Tuesday, Jan 16, 2018
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Sylvania Schools to be graded like students

Sylvania Schools will receive new letter grades from the Ohio Department of Education when its next state "report card" comes out in August, 2015, a district official explained on Monday to the Sylvania Board of Education.

The revisions are based on Ohio's new Common Core Curriculum Standards and use a letter grade system from “A” to “F” to rate how well the school district delivers the new standards to students.

That replaces word ratings like the "Excellent with Distinction" rating Sylvania received for the 2011-2012 school year, said Adam Fineske, the district's executive director for curriculum and assessment.

The letter grades will be issued for six components: gap closing, achievement, growth, prepared for success, graduation, and literacy program.

A “C” would mean the district met state expectations of proficiency in that category. A “B” would mean it increased state expectations, and an “A” would mean a district went above state expectations for proficiency.

Each of the six components will be graded on several performance indicators. About nine indicators will receive an individual grade beginning in August. Overall component letter grades will be designated in the 2015-2016 school year, along with the an overall district grade.

Gap closing, similar to the former Adequate Yearly Progress, measures student proficiency in subgroups of economically disadvantaged, race or ethnicity, students with disabilities, and limited English proficiency.

Prepared for success, a new component, measures student progress in college administration test participation score, honors and diploma awards, advance placement and international baccalaureate participation and scores, as well as college-ready and career-ready assessments.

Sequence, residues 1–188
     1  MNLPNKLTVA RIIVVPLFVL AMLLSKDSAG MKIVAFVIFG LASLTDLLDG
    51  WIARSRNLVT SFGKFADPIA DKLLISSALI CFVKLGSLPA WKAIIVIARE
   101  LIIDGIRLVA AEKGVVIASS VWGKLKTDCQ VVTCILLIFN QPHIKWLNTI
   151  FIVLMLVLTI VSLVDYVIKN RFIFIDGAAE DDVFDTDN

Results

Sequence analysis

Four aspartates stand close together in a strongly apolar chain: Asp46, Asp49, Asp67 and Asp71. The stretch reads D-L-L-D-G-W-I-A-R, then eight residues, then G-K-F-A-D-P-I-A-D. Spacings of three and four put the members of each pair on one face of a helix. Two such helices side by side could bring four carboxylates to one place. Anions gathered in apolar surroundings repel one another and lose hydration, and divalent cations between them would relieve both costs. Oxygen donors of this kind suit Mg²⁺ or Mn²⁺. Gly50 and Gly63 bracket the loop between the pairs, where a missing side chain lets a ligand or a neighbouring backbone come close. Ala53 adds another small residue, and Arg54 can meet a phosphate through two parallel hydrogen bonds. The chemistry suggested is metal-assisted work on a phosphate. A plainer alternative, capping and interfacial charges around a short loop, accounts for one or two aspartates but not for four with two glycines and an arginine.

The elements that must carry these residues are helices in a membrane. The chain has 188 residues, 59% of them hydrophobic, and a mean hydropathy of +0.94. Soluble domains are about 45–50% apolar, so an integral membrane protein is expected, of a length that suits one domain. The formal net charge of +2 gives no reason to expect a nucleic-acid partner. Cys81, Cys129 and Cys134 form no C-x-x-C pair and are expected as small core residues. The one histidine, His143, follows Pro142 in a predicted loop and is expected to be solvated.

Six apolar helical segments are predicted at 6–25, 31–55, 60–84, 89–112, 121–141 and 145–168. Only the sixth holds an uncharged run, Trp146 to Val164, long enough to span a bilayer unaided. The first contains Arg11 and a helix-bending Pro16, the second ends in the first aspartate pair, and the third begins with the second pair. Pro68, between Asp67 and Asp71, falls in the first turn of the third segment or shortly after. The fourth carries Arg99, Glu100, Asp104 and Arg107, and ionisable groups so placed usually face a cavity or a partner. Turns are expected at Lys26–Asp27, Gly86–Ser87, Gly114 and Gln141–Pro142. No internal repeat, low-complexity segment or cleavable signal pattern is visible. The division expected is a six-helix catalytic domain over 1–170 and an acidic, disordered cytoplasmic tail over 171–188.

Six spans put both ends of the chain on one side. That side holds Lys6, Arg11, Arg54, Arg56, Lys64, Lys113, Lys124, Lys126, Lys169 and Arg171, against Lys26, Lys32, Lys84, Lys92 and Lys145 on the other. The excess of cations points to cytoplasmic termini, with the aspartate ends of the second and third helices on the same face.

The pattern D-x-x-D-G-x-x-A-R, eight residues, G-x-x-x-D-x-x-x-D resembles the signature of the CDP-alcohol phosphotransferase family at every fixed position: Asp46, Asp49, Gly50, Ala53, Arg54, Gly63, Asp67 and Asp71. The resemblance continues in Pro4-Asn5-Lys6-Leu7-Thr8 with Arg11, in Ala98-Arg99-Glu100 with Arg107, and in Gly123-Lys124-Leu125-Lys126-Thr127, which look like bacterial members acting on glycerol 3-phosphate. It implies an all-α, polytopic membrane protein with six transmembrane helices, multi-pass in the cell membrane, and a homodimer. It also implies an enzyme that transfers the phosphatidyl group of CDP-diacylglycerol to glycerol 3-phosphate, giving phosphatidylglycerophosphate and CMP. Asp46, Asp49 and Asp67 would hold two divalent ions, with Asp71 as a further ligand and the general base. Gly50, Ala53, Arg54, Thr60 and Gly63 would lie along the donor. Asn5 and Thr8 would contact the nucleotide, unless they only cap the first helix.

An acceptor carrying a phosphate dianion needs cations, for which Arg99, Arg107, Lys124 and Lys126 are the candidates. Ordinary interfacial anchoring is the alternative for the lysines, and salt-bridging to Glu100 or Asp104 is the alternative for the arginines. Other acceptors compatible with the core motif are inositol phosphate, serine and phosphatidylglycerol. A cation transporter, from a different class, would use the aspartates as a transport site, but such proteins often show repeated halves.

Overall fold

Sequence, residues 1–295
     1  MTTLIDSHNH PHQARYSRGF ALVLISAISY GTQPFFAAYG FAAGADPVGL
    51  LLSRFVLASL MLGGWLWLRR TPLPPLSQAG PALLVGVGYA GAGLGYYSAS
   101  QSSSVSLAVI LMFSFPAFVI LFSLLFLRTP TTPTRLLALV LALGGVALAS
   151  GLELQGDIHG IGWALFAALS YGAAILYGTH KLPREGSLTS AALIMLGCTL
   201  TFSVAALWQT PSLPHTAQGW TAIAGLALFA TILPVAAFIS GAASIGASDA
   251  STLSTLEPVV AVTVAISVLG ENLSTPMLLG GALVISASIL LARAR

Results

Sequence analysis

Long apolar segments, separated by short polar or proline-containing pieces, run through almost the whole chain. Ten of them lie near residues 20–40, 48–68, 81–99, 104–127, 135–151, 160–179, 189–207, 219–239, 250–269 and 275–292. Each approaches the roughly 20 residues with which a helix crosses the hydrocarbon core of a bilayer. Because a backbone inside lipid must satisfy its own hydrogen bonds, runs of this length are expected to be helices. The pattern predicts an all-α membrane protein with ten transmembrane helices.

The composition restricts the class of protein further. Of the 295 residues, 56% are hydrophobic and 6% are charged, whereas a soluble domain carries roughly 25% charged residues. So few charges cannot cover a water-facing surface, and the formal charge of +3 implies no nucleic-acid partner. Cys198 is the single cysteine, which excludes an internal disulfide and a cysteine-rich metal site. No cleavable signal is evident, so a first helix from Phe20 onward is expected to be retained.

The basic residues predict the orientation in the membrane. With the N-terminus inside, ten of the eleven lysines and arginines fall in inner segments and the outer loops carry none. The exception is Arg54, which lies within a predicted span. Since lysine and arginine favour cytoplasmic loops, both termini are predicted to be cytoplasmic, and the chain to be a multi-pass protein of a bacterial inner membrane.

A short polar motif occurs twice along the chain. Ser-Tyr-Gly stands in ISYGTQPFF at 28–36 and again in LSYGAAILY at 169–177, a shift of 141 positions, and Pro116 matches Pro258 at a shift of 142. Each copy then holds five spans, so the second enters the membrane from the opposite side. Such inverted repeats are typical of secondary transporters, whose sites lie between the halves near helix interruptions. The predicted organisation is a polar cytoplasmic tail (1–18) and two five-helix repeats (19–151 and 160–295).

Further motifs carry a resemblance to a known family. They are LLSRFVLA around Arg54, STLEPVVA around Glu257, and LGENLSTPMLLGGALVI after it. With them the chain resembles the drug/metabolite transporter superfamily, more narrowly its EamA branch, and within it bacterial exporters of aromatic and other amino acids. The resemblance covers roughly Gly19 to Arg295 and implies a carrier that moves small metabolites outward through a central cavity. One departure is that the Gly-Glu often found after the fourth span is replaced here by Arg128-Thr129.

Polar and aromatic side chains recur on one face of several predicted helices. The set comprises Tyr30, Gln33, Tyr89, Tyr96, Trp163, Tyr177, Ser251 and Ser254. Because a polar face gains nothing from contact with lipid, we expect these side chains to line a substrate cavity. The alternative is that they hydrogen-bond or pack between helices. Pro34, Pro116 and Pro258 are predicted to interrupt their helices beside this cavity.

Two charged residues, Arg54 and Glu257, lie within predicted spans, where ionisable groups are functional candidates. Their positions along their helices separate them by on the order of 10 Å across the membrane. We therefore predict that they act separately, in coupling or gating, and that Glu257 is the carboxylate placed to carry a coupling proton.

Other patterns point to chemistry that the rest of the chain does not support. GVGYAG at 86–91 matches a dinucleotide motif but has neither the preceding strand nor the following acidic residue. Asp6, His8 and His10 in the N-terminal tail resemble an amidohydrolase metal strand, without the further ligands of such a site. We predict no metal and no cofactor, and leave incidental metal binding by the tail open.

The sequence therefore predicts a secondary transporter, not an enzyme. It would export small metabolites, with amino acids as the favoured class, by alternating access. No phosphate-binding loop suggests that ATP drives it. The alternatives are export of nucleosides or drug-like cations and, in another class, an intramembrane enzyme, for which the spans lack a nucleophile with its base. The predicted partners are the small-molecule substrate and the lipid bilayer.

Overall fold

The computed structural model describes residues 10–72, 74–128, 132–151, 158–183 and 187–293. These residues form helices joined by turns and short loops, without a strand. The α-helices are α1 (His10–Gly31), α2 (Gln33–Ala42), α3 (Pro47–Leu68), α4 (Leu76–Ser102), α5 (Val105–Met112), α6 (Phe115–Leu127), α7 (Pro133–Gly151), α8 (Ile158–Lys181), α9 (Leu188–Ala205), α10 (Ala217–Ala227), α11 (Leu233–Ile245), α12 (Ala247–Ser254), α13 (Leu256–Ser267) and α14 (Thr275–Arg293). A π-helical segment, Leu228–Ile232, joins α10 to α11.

Literacy progress measures the district’s kindergarten through third-grade literacy rate. It is based on the Third Grade Reading Guarantee, a state program that mandates students reach a certain reading proficiency before being promoted to the fourth grade.

The achievement component is based on the school’s overall academic performance and performance index. Both will receive individual scores in August 2013, along with student graduation rates for four years and five years.

Also starting in August will be report cards for the measures that makeup district’s growth component or annual level of improvement of students overall, those who are gifted, students with disabilities, and those in the lower 20 percent achievement bracket.

In 2014, grades will be given to individual measures for literacy, followed by prepared for success in 2015.

Although the scoring system is being phased in, the administration is concerned with the rate at which the school is expected to be on track with the scores that mirror the new curriculum that is also being phased on a three-year plan, starting this August.

“I think the scores and ratings are higher, so it will be a challenge for us, but over a period of time we will be able to address the new academic content standards and also the new grading scales,” Superintendent Brad Rieger said.

The state and federally led curriculum changes have increased learning expectations for children at each grade level so they can compete in the global economy, Mr. Fineske said.

Board member David Spiess said the overall changes were too much in too little time for transitioning to a new curriculum and being tested on the new standards.

“Maybe the legislators would recognize that they are burdening the schools in trying to comply with all this at once,” he said, adding that he hoped state legislators would recognize that and postpone some major components.

“I think it will be challenging to get this done by the 2014 to 2015 school year,” said Mr. Fineske. “We are trying to manage it day by day as much as he can,” he said about the new curriculum standards, noting that the district was in a better position that other districts.

Contact Natalie Trusso Cafarello at: 419-206-0356 or ntrusso@theblade.com.

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